Second, U.S. oil production continues to climb. WTI prices dropped $1.31 in early trading on November 27, on news that U.S. crude inventories unexpectedly jumped by 6.5 million barrels the previous week. Hovering around $92, WTI reached a six-month low. Latest monthly data from the EIA shows that U.S. oil production reached 7.5 million bpd in August, a 37% increased from just two years earlier, and the highest rate of production since the early 1990’s. Drillers expect those numbers to continue upwards. Pundits and politicians alike are hailing this new era of energy abundance.
Bear market ahead? Don’t count on it.
Bet on oil prices rising again in the coming months for one main reason: global spare capacity is at its lowest level in five years.
Multiple oil supply disruptions around the world have combined to bring global spare capacity to its narrowest point since the fourth quarter of 2008. In particular, conflict in Libya has cut off over 1 million barrels per day (bpd) since July 2013. Other significant outages come from Iran, Iraq, and Nigeria. The drop in production contributed to the $9 per barrel increase in Brent prices in August. In total, there is currently 3 million bpd of production not reaching global markets, the highest since at least January 2011.
Saudi Arabia is the only true player in terms of spare capacity, as just about all other countries produce flat out. With Libyan production down over the summer, Saudi Arabia ratcheted up production to levels not seen in decades, reaching an eye-popping 10 million bpd. Although Saudi data is sketchy, spare capacity is currently less than half of what it was in 2010-2011, when the world experienced price spikes from the Arab Spring. It dropped to a mere 1.6 million bpd in August, and although it has recovered a bit as summer demand in Saudi Arabia dissipated, spare capacity is lower than at any time since the financial crisis.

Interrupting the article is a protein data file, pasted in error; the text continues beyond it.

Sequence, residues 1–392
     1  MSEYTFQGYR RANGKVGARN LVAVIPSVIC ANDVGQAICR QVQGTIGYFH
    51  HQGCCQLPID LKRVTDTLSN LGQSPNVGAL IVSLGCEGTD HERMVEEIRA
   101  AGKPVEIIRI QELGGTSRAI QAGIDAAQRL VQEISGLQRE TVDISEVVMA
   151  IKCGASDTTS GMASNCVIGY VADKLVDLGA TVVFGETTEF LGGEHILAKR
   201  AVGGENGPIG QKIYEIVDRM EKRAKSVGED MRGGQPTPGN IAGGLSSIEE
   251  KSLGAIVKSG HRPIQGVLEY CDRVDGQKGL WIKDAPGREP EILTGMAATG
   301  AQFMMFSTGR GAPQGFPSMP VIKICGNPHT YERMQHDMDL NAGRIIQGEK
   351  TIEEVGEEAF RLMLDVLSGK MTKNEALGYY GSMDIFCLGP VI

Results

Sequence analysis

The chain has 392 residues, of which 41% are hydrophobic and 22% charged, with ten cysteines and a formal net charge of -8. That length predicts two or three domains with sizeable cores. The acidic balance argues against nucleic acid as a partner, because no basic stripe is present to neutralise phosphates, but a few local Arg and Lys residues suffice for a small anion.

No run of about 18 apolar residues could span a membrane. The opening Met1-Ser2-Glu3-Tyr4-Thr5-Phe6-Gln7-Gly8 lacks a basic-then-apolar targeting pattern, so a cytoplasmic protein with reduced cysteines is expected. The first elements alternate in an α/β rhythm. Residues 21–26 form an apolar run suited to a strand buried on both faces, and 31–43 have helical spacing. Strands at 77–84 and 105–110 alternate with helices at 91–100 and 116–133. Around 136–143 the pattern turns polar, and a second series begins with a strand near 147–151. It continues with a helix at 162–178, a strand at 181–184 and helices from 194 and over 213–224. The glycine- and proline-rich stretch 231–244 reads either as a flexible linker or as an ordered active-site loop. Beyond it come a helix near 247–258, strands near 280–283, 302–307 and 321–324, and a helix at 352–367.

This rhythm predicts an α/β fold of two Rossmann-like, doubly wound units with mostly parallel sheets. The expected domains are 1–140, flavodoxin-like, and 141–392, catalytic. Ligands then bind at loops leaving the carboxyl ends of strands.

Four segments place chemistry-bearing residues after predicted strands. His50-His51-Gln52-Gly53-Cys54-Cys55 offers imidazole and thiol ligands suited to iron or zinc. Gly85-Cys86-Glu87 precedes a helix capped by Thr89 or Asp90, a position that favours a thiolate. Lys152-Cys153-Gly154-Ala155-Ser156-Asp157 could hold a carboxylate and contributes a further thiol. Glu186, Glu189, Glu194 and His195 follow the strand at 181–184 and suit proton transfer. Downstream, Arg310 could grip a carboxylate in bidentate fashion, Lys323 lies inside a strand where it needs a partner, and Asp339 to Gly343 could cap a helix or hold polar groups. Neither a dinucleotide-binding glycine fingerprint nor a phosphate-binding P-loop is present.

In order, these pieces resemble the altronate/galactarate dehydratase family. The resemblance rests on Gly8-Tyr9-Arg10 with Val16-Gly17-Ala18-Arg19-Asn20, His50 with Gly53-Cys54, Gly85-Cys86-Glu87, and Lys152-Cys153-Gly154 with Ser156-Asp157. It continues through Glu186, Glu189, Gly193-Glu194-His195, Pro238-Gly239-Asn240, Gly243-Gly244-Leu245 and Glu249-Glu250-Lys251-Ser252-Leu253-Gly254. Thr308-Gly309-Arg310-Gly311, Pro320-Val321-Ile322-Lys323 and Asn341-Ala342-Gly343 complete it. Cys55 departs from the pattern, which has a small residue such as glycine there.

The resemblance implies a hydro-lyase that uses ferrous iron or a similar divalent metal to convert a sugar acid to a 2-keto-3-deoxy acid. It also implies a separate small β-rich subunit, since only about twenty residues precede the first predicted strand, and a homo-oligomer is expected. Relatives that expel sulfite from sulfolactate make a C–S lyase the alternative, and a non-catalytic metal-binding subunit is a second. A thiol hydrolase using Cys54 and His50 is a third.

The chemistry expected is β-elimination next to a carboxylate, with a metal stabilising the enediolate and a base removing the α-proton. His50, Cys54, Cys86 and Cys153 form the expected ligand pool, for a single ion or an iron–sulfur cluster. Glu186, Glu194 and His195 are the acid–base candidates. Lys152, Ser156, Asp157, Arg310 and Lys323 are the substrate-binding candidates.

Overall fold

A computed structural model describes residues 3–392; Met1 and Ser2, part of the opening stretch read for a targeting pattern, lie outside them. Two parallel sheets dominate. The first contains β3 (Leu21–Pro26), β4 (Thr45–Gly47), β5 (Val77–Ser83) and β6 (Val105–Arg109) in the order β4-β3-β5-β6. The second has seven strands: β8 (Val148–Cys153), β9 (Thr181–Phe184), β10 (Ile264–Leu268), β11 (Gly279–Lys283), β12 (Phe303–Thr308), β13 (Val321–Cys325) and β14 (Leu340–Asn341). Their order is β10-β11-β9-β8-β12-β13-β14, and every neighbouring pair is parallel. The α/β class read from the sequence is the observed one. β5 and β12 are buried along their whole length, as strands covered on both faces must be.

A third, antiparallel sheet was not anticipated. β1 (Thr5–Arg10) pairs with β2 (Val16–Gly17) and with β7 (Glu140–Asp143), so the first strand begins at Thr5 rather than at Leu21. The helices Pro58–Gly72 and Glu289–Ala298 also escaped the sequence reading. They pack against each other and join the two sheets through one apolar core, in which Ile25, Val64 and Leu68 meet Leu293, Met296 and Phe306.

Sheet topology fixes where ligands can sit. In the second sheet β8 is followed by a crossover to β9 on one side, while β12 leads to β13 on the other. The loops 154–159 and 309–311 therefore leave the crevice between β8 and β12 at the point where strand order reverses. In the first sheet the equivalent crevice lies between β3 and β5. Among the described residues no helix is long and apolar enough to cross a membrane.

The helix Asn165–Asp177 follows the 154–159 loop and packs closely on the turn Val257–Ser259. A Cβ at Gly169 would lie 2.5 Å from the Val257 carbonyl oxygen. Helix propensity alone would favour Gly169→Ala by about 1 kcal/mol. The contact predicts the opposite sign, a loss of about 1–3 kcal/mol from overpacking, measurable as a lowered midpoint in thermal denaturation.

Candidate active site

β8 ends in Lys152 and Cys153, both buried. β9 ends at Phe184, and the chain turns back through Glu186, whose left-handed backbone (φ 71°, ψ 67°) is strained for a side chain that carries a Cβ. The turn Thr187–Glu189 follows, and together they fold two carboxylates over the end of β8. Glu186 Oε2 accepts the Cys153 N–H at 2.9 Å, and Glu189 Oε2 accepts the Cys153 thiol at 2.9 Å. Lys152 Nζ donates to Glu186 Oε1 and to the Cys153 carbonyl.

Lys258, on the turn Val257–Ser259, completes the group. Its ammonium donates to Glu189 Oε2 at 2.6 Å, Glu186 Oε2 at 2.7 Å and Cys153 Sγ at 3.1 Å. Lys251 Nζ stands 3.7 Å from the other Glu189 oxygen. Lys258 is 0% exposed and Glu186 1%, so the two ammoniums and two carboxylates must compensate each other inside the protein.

With slack at multi-year lows, the ability of the Saudi Princes to come to the rescue in the event of another outage is questionable at best. Remember summer of ’08? The last time spare capacity was this low, prices reached record levels.
It’s unlikely that the pressure will quickly dissolve – supply side negatives abound. Last week’s Inside Investor hit on some of these issues, and I just want to add a few.
Kurdistan is ramping up production, but violence and the lack of infrastructure will prevent Iraq from reaching its full potential. Conflict in Libya is showing no sign of abating. Ditto for Nigeria. The U.S.-Iran thaw could be temporary – both sides are far apart on key issues over Iran’s nuclear program, making it unlikely that Iranian oil ramps up anytime soon. U.S. shale is surging, but the growth rates can’t keep going. Rig counts are down, and with high initial decline rates, drillers have to continuously poke new holes in the ground just to keep production flat.
What does this all mean? It means that another unforeseen outage could send prices skyward. Less dramatic, though equally important, is long-term fundamentals. Chinese demand continues its inexorable ascent. Other than U.S. shale, oil majors are struggling to find big new supplies. And if the world economy recovers in any meaningful way, look out.
In other words, the chances of further oil price declines are slight, while the upside risk is significant. And this comes when spare capacity is already at its lowest point we’ve seen in years.
Don’t buy into the notion that U.S. shale will save the world. Don’t buy into the hype around the Iran deal. And don’t buy into the absurd hypothesis (looking at you IEA) that Iraq can double its production in the coming years.
Oil prices are bottoming out. Bet on it.